The Three Musketeers director slams stereo ‘experts’16 May 2011
Director Paul W.S Anderson (pictured) has slammed the claims made by some stereoscopic specialists for their expertise in 3D filmmaking. The director of The Three Musketeers also says he wants to make all his future productions in the format.
“There are a lot of boffins who set themselves up as experts in 3D when the majority don’t know what they are talking about,” Anderson said. “None of us knew how to work with 3D but we’ve gone from zero to knowing a lot. It’s a question of embracing the technology and being prepared to relearn filmmaking techniques.”
Having completed back to back stereo 3D shoots for Resident Evil: Afterlife and The Three Musketeers, Anderson says he wants to make all future productions in the format. This includes his next project, Pompeii, a historical disaster movies based on the famous eruption over the Roman town.
“I’m a convert. For 100 years filmmakers have told stories with a flat image. Now there’s the chance to bring that image out into the audience or bring the audience into the picture and for me that’s why for me this is the future of film.”
Constantin Film and Impact Pictures production of The Three Musketeers wrapped principal photography in Germany and posted at Toronto’s Mr X Inc for release this October. The film was shot on eight Arri Alexas and a pair of hi-speed Weisscams, all mounted on PACE rigs.
“When we were planning Resident Evil I talked with John (Avatar who recommended the PACE rigs. At that time they were cutting edge and even though technology has evolved I still believe the PACE system is superior to anything else on the market in terms of its control, the quality of the 3D and ease of use.”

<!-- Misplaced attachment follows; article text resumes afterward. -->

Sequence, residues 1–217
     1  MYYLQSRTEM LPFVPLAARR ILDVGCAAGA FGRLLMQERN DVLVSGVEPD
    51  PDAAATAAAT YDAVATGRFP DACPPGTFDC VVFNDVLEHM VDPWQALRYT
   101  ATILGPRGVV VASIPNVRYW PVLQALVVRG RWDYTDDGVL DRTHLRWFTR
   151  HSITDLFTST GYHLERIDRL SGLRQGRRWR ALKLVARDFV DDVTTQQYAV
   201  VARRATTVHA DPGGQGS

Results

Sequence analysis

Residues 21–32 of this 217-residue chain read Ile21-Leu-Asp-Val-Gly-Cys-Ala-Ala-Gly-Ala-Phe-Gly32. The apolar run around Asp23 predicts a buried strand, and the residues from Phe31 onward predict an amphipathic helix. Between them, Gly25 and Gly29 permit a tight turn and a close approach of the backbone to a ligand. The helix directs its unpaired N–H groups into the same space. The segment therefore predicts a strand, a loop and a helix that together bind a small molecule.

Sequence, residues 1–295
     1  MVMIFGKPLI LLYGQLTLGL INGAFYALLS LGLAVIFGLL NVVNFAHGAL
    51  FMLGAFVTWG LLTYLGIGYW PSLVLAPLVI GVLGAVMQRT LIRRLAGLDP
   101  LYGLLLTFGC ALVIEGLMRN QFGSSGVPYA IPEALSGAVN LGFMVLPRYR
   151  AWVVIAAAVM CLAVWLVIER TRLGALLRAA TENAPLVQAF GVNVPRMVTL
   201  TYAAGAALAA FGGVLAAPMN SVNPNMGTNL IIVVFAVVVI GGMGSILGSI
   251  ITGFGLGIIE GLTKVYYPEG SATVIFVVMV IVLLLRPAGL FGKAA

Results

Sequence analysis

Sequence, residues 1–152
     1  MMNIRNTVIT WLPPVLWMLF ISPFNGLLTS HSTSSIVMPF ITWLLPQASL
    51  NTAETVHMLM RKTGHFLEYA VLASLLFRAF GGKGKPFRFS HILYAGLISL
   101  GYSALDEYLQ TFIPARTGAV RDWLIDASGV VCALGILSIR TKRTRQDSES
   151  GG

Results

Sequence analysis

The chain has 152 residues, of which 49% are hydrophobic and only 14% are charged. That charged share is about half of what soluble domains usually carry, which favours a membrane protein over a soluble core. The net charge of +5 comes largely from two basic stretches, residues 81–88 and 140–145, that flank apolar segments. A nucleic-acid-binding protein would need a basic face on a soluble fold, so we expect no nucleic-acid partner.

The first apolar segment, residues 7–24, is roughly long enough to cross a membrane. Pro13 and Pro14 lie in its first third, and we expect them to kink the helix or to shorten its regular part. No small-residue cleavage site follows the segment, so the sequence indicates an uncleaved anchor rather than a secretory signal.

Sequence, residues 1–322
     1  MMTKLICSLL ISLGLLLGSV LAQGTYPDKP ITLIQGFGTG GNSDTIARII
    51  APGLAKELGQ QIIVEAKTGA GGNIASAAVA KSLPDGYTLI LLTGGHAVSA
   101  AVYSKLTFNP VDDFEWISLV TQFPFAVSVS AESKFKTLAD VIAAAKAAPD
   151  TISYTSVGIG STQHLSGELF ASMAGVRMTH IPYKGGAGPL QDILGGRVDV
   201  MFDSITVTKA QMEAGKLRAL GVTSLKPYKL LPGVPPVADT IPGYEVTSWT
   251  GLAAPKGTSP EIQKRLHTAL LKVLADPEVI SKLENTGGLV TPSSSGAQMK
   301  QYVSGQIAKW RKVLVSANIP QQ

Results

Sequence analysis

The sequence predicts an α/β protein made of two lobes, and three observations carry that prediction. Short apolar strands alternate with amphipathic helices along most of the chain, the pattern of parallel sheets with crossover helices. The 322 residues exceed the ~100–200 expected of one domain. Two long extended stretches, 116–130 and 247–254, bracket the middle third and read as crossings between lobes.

About the choice of Alexa’s Anderson remarks: “I was motivated by using locations that hadn’t been seen on screen before. For example, we shot inside an incredible palace in Bavaria for which we had to use very low voltage lighting to protect the interior. In order to light the scene effectively we used Alexa because it is incredibly sensitive to light and detail.”
He admits that when he started work on Resident Evil: Afterlife neither he nor cinematographer Glen< MacPherson were 3D experts.
“Glenn had two other people on his team with stereo knowledge and they trained the entire camera department in three weeks. It was the same in Germany for Musketeers (at Studio Babelsberg) where there’s now an entire crew knowledgeable about 3D having worked on this picture.”
Anderson is no fan of post conversions either. “It’s two and half D, not a fully fledged image and it’s almost impossible to effectively rotoscope around things like people’s hair. The opening scene in Resident Evil: Afterlife was set in a rainstorm. You try post converting that and you have to rotoscope around every single rain drop.”
It may be problematic to shoot action films in 3D because the fast pacing and rapid cuts can throw the audience’s stereo vision.
“If you want to do fast cutting you flatten out the interocular distance so it’s not too extreme when you cut,” Anderson says. “There’s nothing stopping you doing a three frame cut so long as you are aware of the I/O. If you want an extreme stereo effect for action then you block the action and shoot in longer, continuous takes – which is refreshing for action move."